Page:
The idea of faith as a discipline may sound like sacrilege to many Unitarian Universalists. But remember this: our faith is more than mere rational pretension. The defining element of our faith must be a daily practice of some kind. What kind of practice?  The Rev. Sam Trumbore writes that this is a spiritual discipline. He says, “For Jews, the defining discipline is obedience: To be a faithful Jew is to obey the commands of God. For Christians, the defining discipline is love: To be a faithful Christian is to love God and to love your neighbor as yourself. For Muslims, the defining discipline is submission: To be a faithful Muslim is to submit to the will of Allah.”

What should be our essential spiritual discipline? As Trumbore tells us, obedience, love, and even submission each play a vital role in the life of faith, ours should be gratitude. In the same way that Judaism is defined by obedience, Christianity by love, and Islam by submission, I believe that Unitarian Universalism should be defined by gratitude. Gratitude should be fundamental to our Unitarian Universalist theology.

Brother David Steindl-Rast is a Benedictine monk and one of the leading figures in a worldwide gratitude movement. Yes there is a gratitude movement. It even has its own Facebook page and claims the words of Congregationalist minister and social reformer Henry Ward Beecher who wrote “Gratitude is the fairest blossom which springs from the soul”  We might be more familiar with his wife, abolitionist and author of Uncle Tom’s Cabin, Harriet Beecher Stowe who we claim as part of our history. Long before gratitude became a hot topic of scientific research, Brother David was writing about gratefulness as the heart of prayer and a path to liberation, helping to promote the practice of gratitude as a way of healing oneself and society.

Brother Rast writes “grateful individuals live in a way that leads to the kind of society human beings long for. In many parts of the world society is sick. Keywords of the diagnosis are: Exploitation, oppression, and violence. Grateful living is a remedy against all three of these symptoms.”

Exploitation is born from greed and a sense of inadequacy. Grateful living makes us aware that there is enough for all. It leads to a sense of abundance and a joyful willingness to share with others. Oppression is necessary to exploit others. It results in competition and power. The more power you have, the more you can exploit those below you and protect yourself against those above you. But grateful people live with a sense of abundance; they need not exploit others. Oppression becomes unnecessary and it is replaced by mutual support and by equal respect for all. Violence springs from the root of fear — fear that there may not be enough for all, fear of others as potential competitors, fear of foreigners and strangers. But the grateful person is fearless cutting violence at the root. There is a willingness to share and eliminate the unjust distribution of wealth that creates the climate for violence and believes difference and diversity can only mend us and make us whole.  Grateful living takes away the main reasons for exploitation, oppression and violence; through sharing, universal respect, and non-violence it provides the basis for a healthy world with a chance to survive, a chance for wholeness.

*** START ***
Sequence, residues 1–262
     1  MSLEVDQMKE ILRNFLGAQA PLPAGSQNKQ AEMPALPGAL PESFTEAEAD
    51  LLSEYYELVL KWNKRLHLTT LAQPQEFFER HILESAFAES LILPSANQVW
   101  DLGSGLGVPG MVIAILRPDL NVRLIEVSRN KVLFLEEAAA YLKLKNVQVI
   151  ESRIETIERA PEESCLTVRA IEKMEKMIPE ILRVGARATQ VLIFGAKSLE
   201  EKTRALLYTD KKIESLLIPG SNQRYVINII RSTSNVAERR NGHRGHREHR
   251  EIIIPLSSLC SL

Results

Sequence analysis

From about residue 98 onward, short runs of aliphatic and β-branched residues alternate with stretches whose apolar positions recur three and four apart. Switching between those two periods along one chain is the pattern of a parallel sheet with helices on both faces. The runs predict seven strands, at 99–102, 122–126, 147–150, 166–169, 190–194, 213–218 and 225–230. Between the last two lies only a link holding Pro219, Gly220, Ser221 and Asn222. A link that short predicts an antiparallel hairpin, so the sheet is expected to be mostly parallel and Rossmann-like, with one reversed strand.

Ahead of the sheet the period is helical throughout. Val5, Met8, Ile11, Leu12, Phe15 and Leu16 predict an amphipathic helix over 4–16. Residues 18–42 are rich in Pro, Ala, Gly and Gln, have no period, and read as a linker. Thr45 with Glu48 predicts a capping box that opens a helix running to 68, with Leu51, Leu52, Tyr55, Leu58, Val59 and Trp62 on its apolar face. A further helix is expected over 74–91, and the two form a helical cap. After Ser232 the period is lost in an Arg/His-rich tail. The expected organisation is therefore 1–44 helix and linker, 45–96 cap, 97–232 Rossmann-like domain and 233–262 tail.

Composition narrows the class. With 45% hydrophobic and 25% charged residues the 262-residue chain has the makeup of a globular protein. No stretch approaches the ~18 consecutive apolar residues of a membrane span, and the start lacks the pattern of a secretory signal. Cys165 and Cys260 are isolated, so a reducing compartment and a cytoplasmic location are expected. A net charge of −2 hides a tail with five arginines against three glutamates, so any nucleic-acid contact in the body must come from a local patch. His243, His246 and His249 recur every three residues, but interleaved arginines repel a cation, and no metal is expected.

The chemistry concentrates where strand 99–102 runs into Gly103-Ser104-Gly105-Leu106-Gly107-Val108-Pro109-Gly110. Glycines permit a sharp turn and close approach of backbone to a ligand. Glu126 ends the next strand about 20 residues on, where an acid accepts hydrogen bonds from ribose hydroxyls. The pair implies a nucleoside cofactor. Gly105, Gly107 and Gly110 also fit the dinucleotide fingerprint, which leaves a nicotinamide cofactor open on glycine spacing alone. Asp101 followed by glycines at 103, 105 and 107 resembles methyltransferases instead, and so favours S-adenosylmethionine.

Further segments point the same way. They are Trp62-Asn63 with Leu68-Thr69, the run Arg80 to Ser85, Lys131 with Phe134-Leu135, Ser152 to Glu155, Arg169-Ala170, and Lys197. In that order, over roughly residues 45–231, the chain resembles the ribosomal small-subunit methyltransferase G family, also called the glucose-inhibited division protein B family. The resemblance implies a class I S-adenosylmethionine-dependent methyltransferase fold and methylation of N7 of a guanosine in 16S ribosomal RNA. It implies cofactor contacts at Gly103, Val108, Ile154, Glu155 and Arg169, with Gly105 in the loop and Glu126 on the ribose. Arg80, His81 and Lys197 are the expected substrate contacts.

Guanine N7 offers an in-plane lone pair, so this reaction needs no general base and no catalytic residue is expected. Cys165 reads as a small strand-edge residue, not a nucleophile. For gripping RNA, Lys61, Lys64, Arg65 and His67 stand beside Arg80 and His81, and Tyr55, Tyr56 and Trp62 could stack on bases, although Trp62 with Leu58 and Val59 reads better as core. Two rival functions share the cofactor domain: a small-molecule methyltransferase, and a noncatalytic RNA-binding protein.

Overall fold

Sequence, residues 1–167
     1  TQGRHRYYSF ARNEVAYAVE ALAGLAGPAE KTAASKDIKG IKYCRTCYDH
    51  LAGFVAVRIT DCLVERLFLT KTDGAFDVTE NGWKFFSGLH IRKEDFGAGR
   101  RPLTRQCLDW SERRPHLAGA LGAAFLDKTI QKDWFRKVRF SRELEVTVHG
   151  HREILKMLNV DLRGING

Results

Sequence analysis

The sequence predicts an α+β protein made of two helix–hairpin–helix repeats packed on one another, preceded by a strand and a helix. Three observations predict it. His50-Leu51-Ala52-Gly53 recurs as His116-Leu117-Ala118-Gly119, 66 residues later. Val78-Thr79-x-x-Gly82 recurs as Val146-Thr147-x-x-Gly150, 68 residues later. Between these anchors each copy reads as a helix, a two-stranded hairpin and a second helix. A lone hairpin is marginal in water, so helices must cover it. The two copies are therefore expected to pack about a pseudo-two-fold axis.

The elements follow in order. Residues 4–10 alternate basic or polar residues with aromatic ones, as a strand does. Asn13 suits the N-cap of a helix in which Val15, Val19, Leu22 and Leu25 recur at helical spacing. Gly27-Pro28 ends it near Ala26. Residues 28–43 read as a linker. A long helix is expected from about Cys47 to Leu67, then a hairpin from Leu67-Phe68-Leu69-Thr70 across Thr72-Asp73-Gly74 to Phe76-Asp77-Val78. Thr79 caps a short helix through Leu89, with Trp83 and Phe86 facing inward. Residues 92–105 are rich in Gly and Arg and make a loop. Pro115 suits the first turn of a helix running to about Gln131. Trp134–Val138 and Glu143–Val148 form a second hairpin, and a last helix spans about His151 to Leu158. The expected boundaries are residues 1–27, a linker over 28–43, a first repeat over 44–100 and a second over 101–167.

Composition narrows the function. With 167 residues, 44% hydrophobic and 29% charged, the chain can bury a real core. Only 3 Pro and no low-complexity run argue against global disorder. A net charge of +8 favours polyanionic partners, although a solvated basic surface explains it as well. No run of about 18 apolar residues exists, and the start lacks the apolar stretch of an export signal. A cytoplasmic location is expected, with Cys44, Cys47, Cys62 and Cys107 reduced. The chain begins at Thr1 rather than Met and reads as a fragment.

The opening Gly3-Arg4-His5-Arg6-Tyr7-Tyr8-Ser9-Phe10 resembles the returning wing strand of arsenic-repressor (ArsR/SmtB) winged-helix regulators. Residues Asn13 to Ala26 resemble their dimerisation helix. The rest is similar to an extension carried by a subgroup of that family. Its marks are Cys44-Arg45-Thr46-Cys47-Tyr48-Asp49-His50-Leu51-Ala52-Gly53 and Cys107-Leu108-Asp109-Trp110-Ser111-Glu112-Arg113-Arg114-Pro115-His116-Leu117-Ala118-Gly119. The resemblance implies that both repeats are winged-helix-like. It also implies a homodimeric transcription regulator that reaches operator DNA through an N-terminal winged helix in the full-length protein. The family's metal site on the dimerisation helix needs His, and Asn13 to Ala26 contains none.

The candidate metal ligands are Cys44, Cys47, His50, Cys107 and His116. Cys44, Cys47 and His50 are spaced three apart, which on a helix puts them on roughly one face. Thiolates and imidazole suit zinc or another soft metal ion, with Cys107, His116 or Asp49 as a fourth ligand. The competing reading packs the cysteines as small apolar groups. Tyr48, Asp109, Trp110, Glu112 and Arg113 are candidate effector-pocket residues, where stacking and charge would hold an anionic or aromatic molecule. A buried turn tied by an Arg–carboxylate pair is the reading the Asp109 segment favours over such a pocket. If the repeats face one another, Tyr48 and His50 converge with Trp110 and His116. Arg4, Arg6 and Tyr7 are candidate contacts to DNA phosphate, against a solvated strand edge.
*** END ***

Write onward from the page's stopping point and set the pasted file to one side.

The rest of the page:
Brother Rast tells us “It is, however, pretty evident that greed, oppression, and violence have led us to a point of self-destruction. Our survival depends on a radical change; if the gratitude movement grows strong and deep enough, it may bring about this necessary change. Grateful living brings in place of greed: sharing; in place of oppression: respect; in place of violence: peace. Who does not long for a world of sharing, mutual respect, and peace?”

I’m hoping by now you are connecting these thoughts to our principles, to the ways in which we have agreed to walk together and create change. From ancient times through modern social science and research, gratitude has been distinguished as a desirable human quality with the function for making life better for oneself and for others. So it is with a grateful heart that we are Unitarian Universalists. Let us raise up the virtue of gratitude. Let us understand that we can save ourselves. Let us create a just, compassionate world where all life is celebrated. Let this season wake our hearts and minds and guide us on our journey toward wholeness and to be bold enough to embrace the practice of gratitude.

May it be so.

Gratitude, a sermon delivered at 1stUUPB by the Rev. CJ McGregor on Nov 24, 2013.